October is Black History Month and UCL has been celebrating with a number of events, with the last few taking place this week:
As a tribute to this our very own Sarah Circus (Evening & Saturday Main and Science Supervisor) has kindly sent in an abridged piece of research she has been working on about black librarianship and library origins in Africa. This research includes profiles of Joseph B Danquah and Ladipo Solanke, who both studied at UCL.
‘Libraries preserve a society’s cultural heritage’: Black History Month, Librarianship and Knowledge
With this quote, Kathleen E. Bethel and African American librarian, expressed the sense of cultural dislocation felt by people of African descent in a Eurocentric world.
Librarians are responsible for the collection of specialised and technical information or materials, and their cataloguing facilitates their access to a wider audience.
As a tribute to Black History Month, I am concentrating a brief resume of a piece of research I have recently been undertaking about oral pedagogy and library origins in Africa, and black librarianship in the diaspora.
In my research, I explain the origins of ‘Black History Month’ and identify some significant African American librarians who worked for cultural heritage and integration, as well as the greater societal good. Their ability to positively inspire others and promote social change is of paramount importance for librarianship and those in the African diaspora equally.
In terms of Africa, there is a tradition of librarianship albeit different from the western model and African libraries are relevant to Black History Month as a source of information about a pre – European continent.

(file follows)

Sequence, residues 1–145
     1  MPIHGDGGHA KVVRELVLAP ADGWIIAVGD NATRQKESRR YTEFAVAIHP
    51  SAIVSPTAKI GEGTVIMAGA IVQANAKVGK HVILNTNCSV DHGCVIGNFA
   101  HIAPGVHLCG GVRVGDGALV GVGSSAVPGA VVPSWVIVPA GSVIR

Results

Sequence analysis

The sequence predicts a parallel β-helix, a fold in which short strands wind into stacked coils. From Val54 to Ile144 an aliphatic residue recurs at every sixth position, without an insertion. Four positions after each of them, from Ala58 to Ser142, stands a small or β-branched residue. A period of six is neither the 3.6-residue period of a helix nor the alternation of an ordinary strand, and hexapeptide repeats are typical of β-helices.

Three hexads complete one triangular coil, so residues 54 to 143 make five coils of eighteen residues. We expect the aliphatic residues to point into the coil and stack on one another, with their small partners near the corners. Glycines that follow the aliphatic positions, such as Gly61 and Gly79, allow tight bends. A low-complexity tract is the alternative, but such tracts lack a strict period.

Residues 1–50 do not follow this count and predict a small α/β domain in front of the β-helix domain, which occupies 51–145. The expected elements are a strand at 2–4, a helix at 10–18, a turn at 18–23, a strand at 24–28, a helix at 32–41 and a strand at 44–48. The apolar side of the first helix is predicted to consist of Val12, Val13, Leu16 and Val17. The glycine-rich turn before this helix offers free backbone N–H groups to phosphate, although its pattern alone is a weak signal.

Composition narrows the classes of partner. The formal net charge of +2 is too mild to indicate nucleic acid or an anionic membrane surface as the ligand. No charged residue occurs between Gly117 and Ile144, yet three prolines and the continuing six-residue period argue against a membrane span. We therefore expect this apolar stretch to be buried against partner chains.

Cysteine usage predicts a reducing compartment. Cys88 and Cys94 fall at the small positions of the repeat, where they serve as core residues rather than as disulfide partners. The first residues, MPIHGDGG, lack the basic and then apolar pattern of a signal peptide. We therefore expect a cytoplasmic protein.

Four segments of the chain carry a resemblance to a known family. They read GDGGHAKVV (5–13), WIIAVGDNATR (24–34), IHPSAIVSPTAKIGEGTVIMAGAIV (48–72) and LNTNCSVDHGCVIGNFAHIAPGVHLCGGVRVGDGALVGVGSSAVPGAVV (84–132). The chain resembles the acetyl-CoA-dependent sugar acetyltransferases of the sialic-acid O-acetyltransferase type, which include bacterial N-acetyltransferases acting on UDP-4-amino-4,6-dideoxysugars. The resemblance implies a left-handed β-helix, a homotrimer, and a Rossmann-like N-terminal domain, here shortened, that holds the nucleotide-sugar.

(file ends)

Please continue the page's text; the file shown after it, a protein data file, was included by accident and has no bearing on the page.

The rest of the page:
Lastly, I comment on the colonial impact on African history and culture and the efforts to counteract misinformation and reinforce Africa’s contribution to world civilization.
Black History Month
Carter G. Woodson, a founder of the Association for the Study of Negro Life is acknowledged as the architect of what has been known since 1976 as ‘Black History Month’.
Woodson received his doctorate from Harvard in 1912 and sought through his scholarship to contradict the racist and negative image of African Americans and Africa that proliferated in education at that time. He believed that African Americans had to see positive depictions of them and of African history to counteract what was being imposed upon them. His 1933 work ‘The Mis-education of the Negro’ lays out the detail of this.
At its inception in 1926, it was only a week to focus on the contribution African Americans made to the United States.
Significant Black Librarians
Dorothy Porter Wesley (1905–1995), Dorothy Porter was the first African American woman to earn an advanced degree in library science (MLS), from Columbia University in 1932 whilst working as a librarian at Howard University in charge of the Negro Collection. She enlarged the collection and significantly, incorporated the Dewey Classification scheme into the cataloguing of materials linked to African American life.
Edward Christopher Williams (1871-1929), the first professional African American librarian in America. He was an expert in national bibliography and also taught and authored a number of articles and papers including ‘Latin Again’ for Howard University Record, where he stressed the importance of Latin for the study of Romance languages as a means of understanding the records related to Africa contained in the records of the Spanish and Portuguese Conquistadors.
Dr. Sadie Peterson Delaney (1889-1958) pioneered ‘bibliotherapy’, defining it as ‘the treatment of a patient through selected reading’; for this she was recognised internationally and received awards. She also founded the Disabled Veterans’ Literary Society to raise reading standards in veterans and foster cultural awareness.
Ruby Stutts Lyles opened Jackson Mississippi’s first branch library for African Americans in 1950 and was also politically active in the issues of the day, notably segregation. She negotiated, as part of a group, with Governor White and the Mississippi’s Legal Educational Advisory Committee regarding the desegregation of the state’s public school system.
Preserving a Cultural Heritage